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Richard WAGNER (1813-1883)
Die Walküre: Act 3
Helen Traubel (soprano) - Brünnhilde
Herbert Janssen (baritone) - Wotan
Irene Jessner (soprano) – Sieglinde
Valkyries: Doris Doe, Anna Kaskas, Jeanne Palmer, Maxine Stellman, Hertha Glaz, Martha Lipton, Doris Doree, Irene Jessner
Philharmonic-Symphony Orchestra of New York/Artur Rodziński
rec. 27 February & 15, 18, 22 May 1945, Carnegie Hall, New York
XR remastering - Ambient Stereo
PRISTINE AUDIO PACO180 [61:52]

Here’s a tasty treat for Wagnerites: the first truly complete – that is, without the usual cuts - recording of Act 3 of Die Walküre conducted with fire and impetus by Artur Rodziński with a fine cast gleaned from the Metropolitan Opera roster, remastered into Ambient Stereo by Pristine.

Helen Traubel might not be Kirsten Flagstad but she is hardly inferior and is here singing one of her most celebrated Wagnerian roles. Wotan is sung by Met stalwart Herbert Janssen; he is admirable but as much as I esteem Friedrich Schorr, Hans Hotter, Ferdinand Frantz and Thomas Stewart, I invariably have trouble getting George London out of my head whenever I listen to anyone else singing this role and Janssen, distinguished artist though he was, is not in that company.

What better way to open a recording than with a muscular, thrilling Ride of the Valkyries? The ladies themselves are not the best bunch I have ever heard but they are good enough and Rodziński drives them and his orchestra hard. Traubel’s warm, yet gleaming, voice cuts through everything without any shrillness and Irene Jessner is similarly powerful but with some edginess in her tone. I have heard more rapturous accounts of her famous “O herstes Wunder!” outburst and there are more furious and menacing summons of Brünnhilde’s than the Jansen’s light, soft-grained baritone can issue. He sings well enough within the limitations of his voice and his diction is excellent but he lacks the bite and resonance of the exponents of Wotan I name above; nor do I think he plumbs the depths of sorrow as they do, first sounding more regretful than heartbroken compared with the profound suffering Hotter evokes. Traubel, on the other hand, exploits her sonorous lower register, rounded middle voice and ringing top notes to suggest real anguish. Responding to Traubel’s emotional depth, Janssen begins to sound far more involved in his monologue “So tatest du” but his own low notes are growly as he was indeed not the bass-baritone best suited to singing Wotan but a true baritone. I am sure his handsome stage presence, musicality and clear enunciation carried the day live but with a performance on disc the listener can be more exigent. He does what he can with “Leb wohl” but I miss the sense of titanic struggle and overwhelming grief that George London conjures up via the pathos of his taming his huge voice. “Der Augen leuchtendes Paar” is a mite tremulous – perhaps suggestive of tears - but he makes a fine job of the climactic top F on “fürchtet”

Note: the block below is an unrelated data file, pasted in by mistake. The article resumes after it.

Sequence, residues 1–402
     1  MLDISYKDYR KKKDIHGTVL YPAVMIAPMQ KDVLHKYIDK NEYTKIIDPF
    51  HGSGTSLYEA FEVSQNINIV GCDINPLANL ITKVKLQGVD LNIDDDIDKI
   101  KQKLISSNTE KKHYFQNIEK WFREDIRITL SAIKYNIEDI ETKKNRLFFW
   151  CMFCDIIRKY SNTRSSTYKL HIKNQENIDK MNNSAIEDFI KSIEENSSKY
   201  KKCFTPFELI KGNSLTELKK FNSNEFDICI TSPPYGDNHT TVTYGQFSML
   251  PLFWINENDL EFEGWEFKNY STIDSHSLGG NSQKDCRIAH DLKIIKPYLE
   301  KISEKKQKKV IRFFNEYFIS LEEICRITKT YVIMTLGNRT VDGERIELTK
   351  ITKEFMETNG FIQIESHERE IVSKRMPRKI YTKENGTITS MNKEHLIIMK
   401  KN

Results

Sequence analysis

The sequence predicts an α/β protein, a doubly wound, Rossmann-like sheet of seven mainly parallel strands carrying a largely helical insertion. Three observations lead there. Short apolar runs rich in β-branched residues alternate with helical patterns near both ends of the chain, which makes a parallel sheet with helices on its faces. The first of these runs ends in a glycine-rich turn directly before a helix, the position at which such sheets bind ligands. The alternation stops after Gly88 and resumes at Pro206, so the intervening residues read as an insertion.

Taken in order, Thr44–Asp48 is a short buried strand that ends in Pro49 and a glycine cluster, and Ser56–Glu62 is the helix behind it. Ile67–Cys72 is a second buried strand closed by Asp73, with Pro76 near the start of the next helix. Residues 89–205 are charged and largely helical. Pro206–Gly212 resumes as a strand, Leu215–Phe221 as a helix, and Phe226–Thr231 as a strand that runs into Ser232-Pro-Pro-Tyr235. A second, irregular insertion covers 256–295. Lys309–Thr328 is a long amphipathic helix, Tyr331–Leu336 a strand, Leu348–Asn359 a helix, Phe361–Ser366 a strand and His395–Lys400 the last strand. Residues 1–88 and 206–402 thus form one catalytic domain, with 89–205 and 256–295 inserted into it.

and his voice is surely somehow given more air and ambience around it for that final section.

It is a mark of Rodziński’s mastery that the drama unfolds so naturally that we forget the mechanics of his conducting; his propulsiveness in combination with an unerring sense of how to apply rubato to a phrase ensure that despite this being one of the fastest recordings of the Act, there is no sense of rush, just an inexorable progress towards the fiery conclusion; the Magic Fire Music is perfectly gauged and played.

My reservations – primarily concerning Janssen’s suitability to portray Wotan - notwithstanding, this is a genuinely absorbing and engaging recording, superbly revitalised by the Pristine remastering.

Ralph Moore



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